Which means that a week or so ago, when we went back to see the house, the “dry area that’s no longer leaking” behind the fridge… had expanded and was oozing black dusty goop into the master bedroom on the other side of the wall. Bad News Bears.

So we called in a Mold Inspection professional (not a removal professional – those are legally required to be two different companies in the state of Texas) – and she gave us some good, and some bad news.

The good news is, all the problems she sees are localized. The bad news?  It ain’t just in that one wall.  It’s in the air vent insulation in a few places, and probably in two or three other walls as well – mostly under where there are bad roof leaks.

(Did I mention originally the seller wasn’t going to replace this roof?  Fortunately his realtor and he had a chat, and we’ve worked out a compromise where his insurance company is going to replace the roof and he and we are going to split the deductible)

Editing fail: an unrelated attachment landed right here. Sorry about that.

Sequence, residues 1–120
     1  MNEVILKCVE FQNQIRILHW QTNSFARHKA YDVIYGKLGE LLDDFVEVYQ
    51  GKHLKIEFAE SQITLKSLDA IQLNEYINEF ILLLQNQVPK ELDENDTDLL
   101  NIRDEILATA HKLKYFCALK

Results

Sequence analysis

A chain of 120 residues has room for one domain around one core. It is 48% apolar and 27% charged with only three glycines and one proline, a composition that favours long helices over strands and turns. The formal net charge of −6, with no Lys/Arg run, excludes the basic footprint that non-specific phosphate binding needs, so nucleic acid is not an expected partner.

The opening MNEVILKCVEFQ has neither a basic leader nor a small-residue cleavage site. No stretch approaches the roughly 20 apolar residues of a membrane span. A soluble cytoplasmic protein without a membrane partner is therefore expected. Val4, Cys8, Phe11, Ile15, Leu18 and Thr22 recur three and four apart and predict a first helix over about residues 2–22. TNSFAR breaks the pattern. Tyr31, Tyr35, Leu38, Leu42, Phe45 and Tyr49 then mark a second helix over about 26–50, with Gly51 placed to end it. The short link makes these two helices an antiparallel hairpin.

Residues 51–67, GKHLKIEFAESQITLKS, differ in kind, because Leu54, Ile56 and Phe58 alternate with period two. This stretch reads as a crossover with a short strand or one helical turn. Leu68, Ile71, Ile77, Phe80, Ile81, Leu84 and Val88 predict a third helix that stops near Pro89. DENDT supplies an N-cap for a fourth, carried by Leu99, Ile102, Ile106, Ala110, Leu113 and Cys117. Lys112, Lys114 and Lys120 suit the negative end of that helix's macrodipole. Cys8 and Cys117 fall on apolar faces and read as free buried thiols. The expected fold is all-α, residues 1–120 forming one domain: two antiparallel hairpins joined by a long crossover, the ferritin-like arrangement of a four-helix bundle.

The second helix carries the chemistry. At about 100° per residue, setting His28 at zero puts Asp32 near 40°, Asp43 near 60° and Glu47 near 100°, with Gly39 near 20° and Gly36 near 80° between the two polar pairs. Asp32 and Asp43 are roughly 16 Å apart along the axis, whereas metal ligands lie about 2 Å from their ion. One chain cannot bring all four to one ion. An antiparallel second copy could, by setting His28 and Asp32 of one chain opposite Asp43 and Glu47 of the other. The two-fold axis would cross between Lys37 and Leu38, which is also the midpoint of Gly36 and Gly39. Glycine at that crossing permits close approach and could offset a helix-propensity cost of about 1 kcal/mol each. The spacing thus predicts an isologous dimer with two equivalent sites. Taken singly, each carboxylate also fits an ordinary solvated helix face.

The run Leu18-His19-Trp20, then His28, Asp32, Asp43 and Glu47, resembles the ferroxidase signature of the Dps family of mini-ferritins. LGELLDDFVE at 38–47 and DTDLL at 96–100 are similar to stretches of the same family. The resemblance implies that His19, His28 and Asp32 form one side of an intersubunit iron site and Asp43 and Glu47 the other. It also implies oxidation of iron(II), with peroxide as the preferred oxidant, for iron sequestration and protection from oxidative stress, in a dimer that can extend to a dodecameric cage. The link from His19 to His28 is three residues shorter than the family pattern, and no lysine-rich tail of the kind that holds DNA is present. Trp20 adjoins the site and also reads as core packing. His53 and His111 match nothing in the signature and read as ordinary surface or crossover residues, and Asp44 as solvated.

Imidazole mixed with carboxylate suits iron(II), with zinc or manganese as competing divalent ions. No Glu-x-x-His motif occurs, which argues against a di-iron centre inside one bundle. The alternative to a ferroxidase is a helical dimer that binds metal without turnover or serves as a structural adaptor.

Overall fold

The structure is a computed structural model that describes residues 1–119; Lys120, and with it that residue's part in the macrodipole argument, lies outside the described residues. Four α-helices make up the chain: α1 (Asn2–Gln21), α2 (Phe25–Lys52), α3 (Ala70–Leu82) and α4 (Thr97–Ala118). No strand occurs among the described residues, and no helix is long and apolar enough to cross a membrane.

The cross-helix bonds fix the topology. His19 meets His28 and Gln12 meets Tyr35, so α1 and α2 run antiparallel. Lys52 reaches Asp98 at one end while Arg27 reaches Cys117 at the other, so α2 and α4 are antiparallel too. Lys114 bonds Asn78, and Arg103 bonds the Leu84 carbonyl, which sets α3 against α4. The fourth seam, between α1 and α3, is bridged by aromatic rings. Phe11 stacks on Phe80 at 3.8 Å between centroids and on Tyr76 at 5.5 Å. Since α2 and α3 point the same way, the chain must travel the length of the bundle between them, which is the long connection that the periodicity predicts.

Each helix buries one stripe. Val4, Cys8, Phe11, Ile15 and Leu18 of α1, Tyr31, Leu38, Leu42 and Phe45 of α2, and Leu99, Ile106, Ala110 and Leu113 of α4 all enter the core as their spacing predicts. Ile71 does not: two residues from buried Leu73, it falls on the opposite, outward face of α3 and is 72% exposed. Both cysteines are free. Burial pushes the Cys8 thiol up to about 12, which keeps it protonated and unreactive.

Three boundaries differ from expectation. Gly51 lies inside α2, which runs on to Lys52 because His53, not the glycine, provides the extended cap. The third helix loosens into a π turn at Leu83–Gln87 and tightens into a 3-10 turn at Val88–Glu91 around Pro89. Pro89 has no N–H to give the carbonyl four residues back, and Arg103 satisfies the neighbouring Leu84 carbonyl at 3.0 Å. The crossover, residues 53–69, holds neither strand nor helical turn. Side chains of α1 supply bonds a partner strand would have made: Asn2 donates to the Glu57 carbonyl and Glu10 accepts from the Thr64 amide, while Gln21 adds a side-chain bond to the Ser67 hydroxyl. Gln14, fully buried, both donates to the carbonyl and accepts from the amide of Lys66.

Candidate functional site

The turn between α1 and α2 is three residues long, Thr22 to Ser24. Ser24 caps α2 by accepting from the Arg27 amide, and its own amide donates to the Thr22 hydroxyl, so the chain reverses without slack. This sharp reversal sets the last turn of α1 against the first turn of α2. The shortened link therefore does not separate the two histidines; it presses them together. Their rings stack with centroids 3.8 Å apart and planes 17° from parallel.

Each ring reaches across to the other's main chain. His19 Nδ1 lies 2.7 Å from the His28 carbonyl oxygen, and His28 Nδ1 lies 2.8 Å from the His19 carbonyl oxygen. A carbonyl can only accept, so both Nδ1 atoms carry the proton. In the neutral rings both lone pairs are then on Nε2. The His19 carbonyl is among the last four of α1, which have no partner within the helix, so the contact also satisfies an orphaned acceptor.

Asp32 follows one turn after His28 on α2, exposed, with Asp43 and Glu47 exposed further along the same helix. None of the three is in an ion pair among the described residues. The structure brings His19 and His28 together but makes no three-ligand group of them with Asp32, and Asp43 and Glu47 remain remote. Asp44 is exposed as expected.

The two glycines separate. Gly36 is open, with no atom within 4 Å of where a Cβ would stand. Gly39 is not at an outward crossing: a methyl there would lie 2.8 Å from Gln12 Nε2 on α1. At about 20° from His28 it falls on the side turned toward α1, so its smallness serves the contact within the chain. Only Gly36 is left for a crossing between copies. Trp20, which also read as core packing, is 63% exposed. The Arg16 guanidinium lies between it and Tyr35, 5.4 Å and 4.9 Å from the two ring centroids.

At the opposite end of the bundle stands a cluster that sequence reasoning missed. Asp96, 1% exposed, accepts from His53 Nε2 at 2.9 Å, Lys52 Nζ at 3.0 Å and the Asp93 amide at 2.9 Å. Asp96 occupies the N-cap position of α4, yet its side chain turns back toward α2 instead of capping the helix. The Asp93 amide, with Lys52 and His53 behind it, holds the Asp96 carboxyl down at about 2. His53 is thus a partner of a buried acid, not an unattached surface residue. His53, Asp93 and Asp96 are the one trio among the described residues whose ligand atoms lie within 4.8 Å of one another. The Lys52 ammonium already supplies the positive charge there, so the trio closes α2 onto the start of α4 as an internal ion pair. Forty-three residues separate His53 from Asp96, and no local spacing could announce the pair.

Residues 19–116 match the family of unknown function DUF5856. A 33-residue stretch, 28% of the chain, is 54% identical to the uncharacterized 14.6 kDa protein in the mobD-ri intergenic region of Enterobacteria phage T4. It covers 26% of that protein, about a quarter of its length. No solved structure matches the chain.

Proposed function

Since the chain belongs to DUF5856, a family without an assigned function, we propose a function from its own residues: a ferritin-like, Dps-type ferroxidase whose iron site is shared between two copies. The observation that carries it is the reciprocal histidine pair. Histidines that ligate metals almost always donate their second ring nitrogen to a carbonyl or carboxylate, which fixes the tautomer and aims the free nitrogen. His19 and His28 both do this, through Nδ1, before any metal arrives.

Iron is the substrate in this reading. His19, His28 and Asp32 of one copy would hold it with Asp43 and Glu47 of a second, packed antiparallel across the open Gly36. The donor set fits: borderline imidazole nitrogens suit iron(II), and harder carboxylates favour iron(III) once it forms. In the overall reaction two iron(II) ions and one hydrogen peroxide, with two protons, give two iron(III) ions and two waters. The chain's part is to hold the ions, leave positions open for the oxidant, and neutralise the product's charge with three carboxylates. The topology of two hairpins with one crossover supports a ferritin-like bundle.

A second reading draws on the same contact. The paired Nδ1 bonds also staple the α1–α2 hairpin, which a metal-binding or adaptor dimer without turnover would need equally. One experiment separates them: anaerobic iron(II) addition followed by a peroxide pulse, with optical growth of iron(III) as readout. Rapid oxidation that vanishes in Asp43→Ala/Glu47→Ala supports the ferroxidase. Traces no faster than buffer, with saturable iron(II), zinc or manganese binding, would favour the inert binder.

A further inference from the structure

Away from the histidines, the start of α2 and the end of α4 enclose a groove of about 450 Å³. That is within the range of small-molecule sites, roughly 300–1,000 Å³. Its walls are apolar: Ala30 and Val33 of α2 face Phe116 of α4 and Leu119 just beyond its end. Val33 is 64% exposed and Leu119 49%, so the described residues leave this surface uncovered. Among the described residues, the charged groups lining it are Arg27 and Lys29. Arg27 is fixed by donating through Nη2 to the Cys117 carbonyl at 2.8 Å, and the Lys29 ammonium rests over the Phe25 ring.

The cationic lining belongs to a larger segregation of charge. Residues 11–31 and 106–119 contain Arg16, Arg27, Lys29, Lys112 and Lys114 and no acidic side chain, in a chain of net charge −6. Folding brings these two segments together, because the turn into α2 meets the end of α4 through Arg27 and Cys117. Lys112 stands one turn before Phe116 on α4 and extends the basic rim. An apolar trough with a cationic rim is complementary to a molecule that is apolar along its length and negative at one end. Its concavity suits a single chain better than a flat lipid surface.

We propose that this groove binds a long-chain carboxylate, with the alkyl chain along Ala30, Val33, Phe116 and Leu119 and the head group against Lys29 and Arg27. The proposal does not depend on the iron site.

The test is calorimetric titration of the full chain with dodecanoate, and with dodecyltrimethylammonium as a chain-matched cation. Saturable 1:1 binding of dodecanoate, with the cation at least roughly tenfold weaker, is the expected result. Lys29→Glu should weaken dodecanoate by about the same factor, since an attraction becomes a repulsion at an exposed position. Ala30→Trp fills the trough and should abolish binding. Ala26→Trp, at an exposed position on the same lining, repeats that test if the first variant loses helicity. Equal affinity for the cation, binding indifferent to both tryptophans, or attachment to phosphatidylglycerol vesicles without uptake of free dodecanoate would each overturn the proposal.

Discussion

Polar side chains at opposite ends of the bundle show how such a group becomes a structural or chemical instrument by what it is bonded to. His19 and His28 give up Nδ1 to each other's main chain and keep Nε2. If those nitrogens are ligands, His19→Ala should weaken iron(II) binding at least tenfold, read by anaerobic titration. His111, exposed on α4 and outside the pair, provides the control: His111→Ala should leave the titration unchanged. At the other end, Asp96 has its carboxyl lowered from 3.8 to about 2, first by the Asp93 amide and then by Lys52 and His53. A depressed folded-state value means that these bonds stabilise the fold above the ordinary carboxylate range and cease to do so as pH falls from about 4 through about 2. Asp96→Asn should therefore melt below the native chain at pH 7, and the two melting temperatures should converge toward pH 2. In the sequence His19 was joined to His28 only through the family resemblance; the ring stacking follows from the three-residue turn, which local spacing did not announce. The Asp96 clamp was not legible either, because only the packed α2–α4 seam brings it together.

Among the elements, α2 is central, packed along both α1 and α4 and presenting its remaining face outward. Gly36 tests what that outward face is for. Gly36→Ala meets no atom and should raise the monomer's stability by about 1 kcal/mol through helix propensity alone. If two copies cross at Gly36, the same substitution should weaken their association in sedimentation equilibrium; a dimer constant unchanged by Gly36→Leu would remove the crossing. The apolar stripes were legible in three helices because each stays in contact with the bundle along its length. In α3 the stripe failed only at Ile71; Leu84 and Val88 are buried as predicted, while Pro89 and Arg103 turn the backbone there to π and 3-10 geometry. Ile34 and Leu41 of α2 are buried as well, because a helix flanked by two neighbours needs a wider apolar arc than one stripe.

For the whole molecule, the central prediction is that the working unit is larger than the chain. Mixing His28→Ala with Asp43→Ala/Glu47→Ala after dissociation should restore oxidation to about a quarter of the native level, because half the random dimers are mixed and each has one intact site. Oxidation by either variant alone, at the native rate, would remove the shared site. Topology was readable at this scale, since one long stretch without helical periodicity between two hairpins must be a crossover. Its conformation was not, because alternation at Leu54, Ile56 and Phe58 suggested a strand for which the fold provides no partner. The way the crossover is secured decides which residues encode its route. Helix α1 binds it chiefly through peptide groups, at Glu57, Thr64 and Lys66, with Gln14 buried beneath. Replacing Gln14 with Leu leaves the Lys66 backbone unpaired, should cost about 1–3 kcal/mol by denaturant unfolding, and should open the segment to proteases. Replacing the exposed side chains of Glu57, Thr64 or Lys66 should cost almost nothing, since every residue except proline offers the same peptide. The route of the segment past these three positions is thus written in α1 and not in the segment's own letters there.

Sadly, however, while an actual mold inspection is not that expensive, running the air quality tests to determine that there is actually mold there are quite expensive. We’re hoping to have a deal where if the tests come back negative, we’ll pay the entire costs (for being paranoid) and move forward with the sale.

If they come back positive, the seller will pay for the tests AND will follow the legal protocol for mold remediation (getting a protocol written, getting a licensed remediation company to remove all the mold, and getting a post-remediation inspection and clearance certificate) – and THEN we’ll move forward with the sale.

The good side of this is – we’ve done the tests and are sending them to the seller, so he’s legally required to disclose it to any other buyers if he proves to be uncooperative and we decide to look for another house. (So if they prove uncooperative, we’ve kinda screwed ’em pretty good – nobody wants a house with an active mold infection)

Oh – and I’m pretty sure they’re going to find an active mold infestation…

When our mold inspector did the tests, one of the things she did was bang on the walls to see if she could actually see any mold… and in three of the rooms? When she’d bang on the wall, greyish black poofs would come out of the cracks between the sheetrock and the baseboards. Ew.